Edinburgh-raised drag queen Ripley makes his Fringe debut this year with Like A Sturgeon. This is a perfect drag homage to some of the world’s leading females in politics. The show is perfectly lip-synced to an array of popular music, as well as Ripley’s own original lyrics. From Madonna to Katy Perry, there is definitely something for every taste in the audience. Ripley’s own lyrics are clever and funny, offering the perfect comment on tumultuous UK and US political events.
The perfect mash-up of drag, political satire, catchy music and entertainment
The British Prime Minister opens the show; clad in leather trousers, and with a naughty smirk on her face. Ripley’s portrayal of Theresa May is an utter delight to watch. May’s facial expressions and accent are spot on in this caricature, and Ripley’s political observations on Brexit, foreign policy and national politics throughout the performance are subtle enough to remain light-hearted, whilst clever and witty enough to ignite passion in the audience.
Unfortunately Ripley’s next character, a doe-eyed Melania Trump, doesn’t quite bring the same charisma to the audience and is much duller in comparison to the fiery May. Melania’s character is a difficult one to flesh out – in comparison to May and Sturgeon, there isn’t as much to play with and the repetitive digs at her gold-digging lifestyle and disgust for husband Donald make her too one-dimensional for the audience to really invest in. With so much potential material in the UK’s PM and Scotland’s First Minister, Melania was a pale choice in comparison.
However, Ripley’s triumphant and patriotic caricature of Scotland’s First Minister truly does make up for Melania’s downfalls. I think that Nicola Sturgeon herself would find Ripley’s take on the SNP’s leader absolutely hilarious. The act stays on the right side of funny, poking fun at various SNP policies but never taking things too far. That is where the true talent of Ripley’s drag lies in this show, knowing her audience well enough to take iconic leading female characters in politics – some more popular than others… – and expose their worst traits with humour but without being too offensive.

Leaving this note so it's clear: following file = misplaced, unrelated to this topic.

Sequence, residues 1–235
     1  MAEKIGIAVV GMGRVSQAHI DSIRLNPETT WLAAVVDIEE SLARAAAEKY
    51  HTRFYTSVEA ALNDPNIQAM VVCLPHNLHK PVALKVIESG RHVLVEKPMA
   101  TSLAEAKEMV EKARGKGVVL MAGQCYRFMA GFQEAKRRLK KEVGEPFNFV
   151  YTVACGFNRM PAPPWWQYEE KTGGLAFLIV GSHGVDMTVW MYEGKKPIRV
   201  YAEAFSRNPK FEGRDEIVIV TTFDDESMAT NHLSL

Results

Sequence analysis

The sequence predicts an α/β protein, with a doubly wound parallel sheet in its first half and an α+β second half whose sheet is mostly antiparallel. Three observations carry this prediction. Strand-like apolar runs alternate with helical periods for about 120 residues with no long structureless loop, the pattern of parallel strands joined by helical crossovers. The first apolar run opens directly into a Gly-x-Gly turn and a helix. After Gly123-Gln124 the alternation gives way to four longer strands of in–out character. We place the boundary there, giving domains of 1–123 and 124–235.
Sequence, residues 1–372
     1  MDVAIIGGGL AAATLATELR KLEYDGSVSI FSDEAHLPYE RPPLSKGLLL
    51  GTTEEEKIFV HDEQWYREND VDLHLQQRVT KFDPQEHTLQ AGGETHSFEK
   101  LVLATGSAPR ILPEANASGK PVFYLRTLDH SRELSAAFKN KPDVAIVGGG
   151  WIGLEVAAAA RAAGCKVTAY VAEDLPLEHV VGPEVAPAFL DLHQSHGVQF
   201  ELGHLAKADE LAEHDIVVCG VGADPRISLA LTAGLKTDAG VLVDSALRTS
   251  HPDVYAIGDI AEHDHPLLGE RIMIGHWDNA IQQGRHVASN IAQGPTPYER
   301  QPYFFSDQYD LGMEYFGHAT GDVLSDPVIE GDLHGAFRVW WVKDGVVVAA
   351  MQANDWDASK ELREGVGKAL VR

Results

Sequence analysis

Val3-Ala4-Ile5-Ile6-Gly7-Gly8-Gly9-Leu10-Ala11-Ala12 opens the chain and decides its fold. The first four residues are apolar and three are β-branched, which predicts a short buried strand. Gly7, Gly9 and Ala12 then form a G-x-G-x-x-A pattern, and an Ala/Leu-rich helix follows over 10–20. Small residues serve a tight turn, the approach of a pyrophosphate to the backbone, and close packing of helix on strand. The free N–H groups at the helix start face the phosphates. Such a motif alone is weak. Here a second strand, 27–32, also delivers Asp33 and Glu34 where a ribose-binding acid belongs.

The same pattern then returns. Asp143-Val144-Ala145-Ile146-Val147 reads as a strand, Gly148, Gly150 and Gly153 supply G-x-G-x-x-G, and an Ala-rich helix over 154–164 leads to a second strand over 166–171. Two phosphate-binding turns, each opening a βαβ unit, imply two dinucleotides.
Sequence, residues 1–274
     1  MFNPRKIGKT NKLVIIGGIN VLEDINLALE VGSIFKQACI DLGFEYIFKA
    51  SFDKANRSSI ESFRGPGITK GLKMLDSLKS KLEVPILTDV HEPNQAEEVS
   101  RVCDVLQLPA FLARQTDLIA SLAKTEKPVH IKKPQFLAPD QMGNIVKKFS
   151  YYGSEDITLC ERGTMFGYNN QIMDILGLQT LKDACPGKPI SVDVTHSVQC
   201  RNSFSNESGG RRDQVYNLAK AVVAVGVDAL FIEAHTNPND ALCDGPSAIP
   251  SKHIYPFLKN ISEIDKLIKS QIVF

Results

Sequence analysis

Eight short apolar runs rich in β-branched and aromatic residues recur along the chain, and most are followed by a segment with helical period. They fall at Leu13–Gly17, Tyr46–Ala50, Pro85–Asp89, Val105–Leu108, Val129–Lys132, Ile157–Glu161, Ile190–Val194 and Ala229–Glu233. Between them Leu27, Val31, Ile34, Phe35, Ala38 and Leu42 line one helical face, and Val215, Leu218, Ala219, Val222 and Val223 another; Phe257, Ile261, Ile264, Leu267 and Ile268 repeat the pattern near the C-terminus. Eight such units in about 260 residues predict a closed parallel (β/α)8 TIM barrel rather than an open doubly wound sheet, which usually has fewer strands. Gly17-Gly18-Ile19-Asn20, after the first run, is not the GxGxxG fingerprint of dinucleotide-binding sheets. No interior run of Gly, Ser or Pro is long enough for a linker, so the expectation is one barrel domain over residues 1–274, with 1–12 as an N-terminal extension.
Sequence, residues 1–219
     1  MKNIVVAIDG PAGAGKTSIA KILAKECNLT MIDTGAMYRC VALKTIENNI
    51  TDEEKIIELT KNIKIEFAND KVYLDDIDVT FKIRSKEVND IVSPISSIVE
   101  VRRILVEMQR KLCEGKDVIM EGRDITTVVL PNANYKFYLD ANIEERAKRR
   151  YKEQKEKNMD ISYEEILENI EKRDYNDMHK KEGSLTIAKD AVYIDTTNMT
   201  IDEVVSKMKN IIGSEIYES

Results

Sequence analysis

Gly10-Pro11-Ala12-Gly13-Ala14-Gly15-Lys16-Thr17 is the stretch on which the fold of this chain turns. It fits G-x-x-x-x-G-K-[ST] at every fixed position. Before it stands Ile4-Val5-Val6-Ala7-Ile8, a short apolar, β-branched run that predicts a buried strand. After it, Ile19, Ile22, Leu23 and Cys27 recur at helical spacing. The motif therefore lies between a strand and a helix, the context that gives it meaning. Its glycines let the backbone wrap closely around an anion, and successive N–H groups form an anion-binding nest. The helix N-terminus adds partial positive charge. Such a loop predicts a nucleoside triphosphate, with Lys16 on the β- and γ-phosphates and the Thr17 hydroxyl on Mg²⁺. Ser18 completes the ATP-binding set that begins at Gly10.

Ripley’s characters have clearly been perfected over many performances and a lot of hard work and writing has gone into this show. There are notable cameos from other political hard-hitters, such as the DUP’s Arlene Foster and Ivanka Trump, who are shown in music-video-style clips in-between Ripley’s impressively quick character changes. Whilst these are entertaining, it is difficult to keep an audience enraptured when your host is constantly leaving the stage. Like A Sturgeon would have benefitted from more engaging material in between character changes, or focusing on just May or Sturgeon for the entire performance.
Regardless of the lulls between some of Ripley’s characters, Like A Sturgeon is the perfect mash-up of drag, political satire, catchy music and entertainment that will leave you with Madonna and SNP chants stuck in your head all week…